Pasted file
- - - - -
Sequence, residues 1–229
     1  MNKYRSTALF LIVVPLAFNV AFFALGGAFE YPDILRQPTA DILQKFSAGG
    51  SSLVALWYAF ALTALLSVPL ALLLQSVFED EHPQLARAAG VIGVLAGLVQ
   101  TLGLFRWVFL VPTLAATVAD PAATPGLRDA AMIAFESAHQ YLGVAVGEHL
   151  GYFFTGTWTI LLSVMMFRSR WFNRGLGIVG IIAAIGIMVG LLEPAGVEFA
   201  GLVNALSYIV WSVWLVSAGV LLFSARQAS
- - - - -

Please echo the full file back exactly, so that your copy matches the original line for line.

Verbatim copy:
Sequence, residues 1–229
     1  MNKYRSTALF LIVVPLAFNV AFFALGGAFE YPDILRQPTA DILQKFSAGG
    51  SSLVALWYAF ALTALLSVPL ALLLQSVFED EHPQLARAAG VIGVLAGLVQ
   101  TLGLFRWVFL VPTLAATVAD PAATPGLRDA AMIAFESAHQ YLGVAVGEHL
   151  GYFFTGTWTI LLSVMMFRSR WFNRGLGIVG IIAAIGIMVG LLEPAGVEFA
   201  GLVNALSYIV WSVWLVSAGV LLFSARQAS